19 December 2011

My crafty money box OTP project

Here's what I've been up to this week - making a little money box for the upcoming LSBS Retreat from a nice little hinged-lid tin I had handy - it originally housed some prickly pear taffy (of all things!), which my mum brought back from a recent trip to Vegas. The lid had a clear plastic insert under which I stuck some vintage paper and lace, and a bit of blue bling.

Then the inside of  the lid looked messy so I lined it with some paper from Kaisercraft's 'Homemade' collection in 'Warm Welcome'.

Then the base of the tin looked messy (where does it end?!) so I lined it with some camel coloured felt.

The outside is covered in the reverse of the same Warm Welcome paper, with some crochet cotton trim and a blue satin fleur de lys ribbons. The fluffy nude coloured trim around the top border is a lingerie elastic from Spotlight.

The top has some Tim Holtz Crowded Attic stickers, vintage tickets and a 7 gypsies skeleton key. The book page butterflies are from Etsy seller Cass King. I can't remember where the giant cream flower came from :)

I've used some American Crafts Thickers and Basic Grey 'Life of the Party' micro alphas for the text.

I thought I'd reiterate on the inside of the box that this is for savings to spend on me, so that I don't do what I usually do - save up for something I really want, then when I go to buy it I can't justify the expense because 'I could be spending that money on bills or groceries' or something equally mundane. This time round I really would like to feel totally comfortable buying a few things without remorse, and am planning to blow whatever savings I have at the Little Scrapbook Shop retreat next year!  

Hopefully I don't chicken out and bring any cash back home with me!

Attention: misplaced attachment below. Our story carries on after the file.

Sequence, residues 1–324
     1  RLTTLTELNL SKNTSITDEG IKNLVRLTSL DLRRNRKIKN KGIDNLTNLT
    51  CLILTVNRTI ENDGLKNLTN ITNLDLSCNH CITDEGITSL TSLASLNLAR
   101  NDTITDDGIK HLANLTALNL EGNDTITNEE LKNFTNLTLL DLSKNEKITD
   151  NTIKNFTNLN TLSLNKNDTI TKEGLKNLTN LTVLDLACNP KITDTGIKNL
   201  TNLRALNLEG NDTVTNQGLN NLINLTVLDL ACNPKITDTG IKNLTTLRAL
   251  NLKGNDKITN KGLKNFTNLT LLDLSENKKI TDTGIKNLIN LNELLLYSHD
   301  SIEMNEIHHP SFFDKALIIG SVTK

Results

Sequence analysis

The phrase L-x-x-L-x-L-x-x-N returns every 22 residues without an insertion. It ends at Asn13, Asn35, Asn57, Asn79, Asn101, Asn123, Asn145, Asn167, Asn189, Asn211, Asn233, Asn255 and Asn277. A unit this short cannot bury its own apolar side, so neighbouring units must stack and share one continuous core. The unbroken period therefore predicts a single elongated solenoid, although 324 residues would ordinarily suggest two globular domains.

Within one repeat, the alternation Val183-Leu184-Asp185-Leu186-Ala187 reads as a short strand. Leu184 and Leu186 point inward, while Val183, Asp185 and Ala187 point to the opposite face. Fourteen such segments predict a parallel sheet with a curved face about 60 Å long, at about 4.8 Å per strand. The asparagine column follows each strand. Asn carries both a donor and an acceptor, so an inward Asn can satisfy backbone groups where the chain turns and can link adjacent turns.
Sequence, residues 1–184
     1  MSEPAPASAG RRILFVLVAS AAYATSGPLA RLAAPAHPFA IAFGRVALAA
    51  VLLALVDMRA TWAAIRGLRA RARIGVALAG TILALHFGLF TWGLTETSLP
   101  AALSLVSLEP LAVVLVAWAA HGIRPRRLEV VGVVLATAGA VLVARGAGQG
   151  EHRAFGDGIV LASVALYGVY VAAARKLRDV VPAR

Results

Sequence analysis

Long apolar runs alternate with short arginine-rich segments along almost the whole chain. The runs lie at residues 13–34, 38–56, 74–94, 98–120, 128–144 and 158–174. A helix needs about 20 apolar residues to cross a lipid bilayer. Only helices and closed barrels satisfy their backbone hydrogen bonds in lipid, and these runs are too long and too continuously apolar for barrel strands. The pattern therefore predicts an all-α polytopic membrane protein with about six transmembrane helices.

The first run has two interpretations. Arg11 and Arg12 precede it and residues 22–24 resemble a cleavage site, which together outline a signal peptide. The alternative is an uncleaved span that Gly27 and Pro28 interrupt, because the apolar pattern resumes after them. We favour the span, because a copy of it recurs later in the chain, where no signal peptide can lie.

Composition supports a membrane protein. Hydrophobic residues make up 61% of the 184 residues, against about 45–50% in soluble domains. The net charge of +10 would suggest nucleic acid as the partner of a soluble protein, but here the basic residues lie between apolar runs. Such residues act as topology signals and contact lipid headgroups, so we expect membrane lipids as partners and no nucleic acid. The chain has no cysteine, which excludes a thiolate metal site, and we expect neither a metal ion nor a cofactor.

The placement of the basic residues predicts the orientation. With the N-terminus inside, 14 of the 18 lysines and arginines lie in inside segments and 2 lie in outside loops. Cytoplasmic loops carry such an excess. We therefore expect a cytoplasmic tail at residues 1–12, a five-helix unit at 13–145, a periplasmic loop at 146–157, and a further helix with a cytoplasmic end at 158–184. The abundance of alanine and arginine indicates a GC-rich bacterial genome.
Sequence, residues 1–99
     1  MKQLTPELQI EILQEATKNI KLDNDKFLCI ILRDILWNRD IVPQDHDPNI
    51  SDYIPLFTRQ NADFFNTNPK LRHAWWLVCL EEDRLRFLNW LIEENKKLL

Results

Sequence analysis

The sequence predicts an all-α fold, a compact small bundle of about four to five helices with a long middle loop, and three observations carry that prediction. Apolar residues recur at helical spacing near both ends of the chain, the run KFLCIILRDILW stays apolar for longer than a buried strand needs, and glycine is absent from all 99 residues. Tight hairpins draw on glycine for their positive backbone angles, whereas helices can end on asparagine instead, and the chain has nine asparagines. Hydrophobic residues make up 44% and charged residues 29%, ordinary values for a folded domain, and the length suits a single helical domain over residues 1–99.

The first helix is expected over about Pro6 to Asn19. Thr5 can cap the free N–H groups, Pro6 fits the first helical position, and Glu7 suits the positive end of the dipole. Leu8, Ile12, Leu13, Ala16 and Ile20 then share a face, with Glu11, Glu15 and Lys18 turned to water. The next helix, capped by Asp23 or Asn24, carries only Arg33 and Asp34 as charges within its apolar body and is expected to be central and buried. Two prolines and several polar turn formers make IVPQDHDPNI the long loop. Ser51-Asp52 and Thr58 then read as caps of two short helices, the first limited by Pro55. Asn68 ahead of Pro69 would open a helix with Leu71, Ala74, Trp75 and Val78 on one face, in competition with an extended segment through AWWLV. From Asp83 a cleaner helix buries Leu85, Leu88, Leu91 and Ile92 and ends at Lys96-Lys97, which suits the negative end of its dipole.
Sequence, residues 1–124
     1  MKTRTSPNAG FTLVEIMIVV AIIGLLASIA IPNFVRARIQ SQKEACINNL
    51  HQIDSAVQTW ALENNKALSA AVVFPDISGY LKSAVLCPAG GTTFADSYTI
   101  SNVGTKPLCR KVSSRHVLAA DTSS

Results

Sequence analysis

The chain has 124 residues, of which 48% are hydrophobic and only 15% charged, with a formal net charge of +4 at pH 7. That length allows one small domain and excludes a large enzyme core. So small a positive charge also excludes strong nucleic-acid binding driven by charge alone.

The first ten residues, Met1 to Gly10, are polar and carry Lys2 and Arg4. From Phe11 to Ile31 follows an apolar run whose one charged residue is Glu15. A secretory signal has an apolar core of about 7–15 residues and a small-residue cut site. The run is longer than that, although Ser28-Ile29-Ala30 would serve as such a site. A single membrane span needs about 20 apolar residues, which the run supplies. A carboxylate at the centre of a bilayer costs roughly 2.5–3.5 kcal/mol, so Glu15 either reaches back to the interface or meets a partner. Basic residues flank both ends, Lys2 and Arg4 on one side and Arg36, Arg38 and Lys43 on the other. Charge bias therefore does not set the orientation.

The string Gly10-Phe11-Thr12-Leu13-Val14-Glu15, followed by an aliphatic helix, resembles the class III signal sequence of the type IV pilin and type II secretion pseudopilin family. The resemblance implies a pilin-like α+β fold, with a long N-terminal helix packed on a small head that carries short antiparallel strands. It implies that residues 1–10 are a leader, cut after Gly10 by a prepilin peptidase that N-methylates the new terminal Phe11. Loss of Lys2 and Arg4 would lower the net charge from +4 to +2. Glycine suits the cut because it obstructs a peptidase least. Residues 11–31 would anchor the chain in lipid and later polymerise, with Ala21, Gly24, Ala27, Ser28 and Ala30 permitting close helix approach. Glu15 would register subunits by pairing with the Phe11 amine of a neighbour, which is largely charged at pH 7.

24 November 2011

8 Beautiful Handmade Advent Calendars

1. White on White advent calendar fromTuuni
2. Advent calendar banner from Gray Sparrow
3. Magic advent calendar from Petit Pot
4. Cream and red pocket advent from Look Happy
5. Reindeer parade banner from Ahoi Meise
6. Tea advent calendar from Red Red Completely Red
7. Amsterdam advent calendar by Noveau Designs
8. Advent calendar from Pilosale

19 November 2011

8 Sweet Christmas Gifts for Kids

1. Pink cake pops from Popular Treats
2. Duck organic cotton cushion from Greener Grass Design
3. Maiden & Bird pencil case from O-Check
4. Orange car designed by Patrick Colello
5. European children's wooden scooters from Three Potato Four
6. Tweeter Marmalade cot set from Printink
7. Trolley car tin toy from the Tin Toy Arcade
8. Felt cookies with bead sprinkles from Lollie Blossom

15 November 2011

Beautiful Diaries for 2012...

Is it just me, or does everyone get excited at the thought of buying a new diary? All those blank pages to fill! A new year ahead, full of possibilities! And, best of all, you get to use your best handwriting and your special nice pens....

Here's my picks for the new year's best diaries:

Weekly planner from Little Otsu

Illustrated Diary from Minasmoke


Undated Diary from O-Check

And my personal favourite (of which I have bought many over the years) - the Master Plan from Milestone Press. A perfect A5 package, week to an opening, with enough space for all the family's activities, and best of all it runs for a year and a half, so you can buy your new diary in September and start using it straight away :)


Need more choice? You can't go past a Moleskine, complete with a turquoise leather cover.

13 November 2011

Handmade gifts for the family oddballs

My sister in law likes tea. Earl Grey, specifically. Not so much your average cup of Bushells. Deb likes to pack a little stash of teabags wherever she goes in case of emergencies (that is, emergencies of the English Breakfast variety). 

So I thought I'd make her a little tea pouch to keep in her bag. 

A bit of grey wool, some velcro, a scrap of bias tape left over from a doily garland and a little bit of stamped twill tape, and I had a cute little pouch that holds about 6 tea bags.

Hey Deb - if you're reading this - surprise!

My mum is also a huge fan of tea, and considering she's off travelling for nearly 6 months of the year, she's also one to pack her own stash of home comforts. When I asked her roughly how many tea bags she'd take on an average trip, she replied 'a couple of handfuls of teabags, a tube of vegemite, and some press-seal plastic bags to put biscuits in. That's all we ever take.' Like that's a perfectly normal assortment of things to pack for a holiday.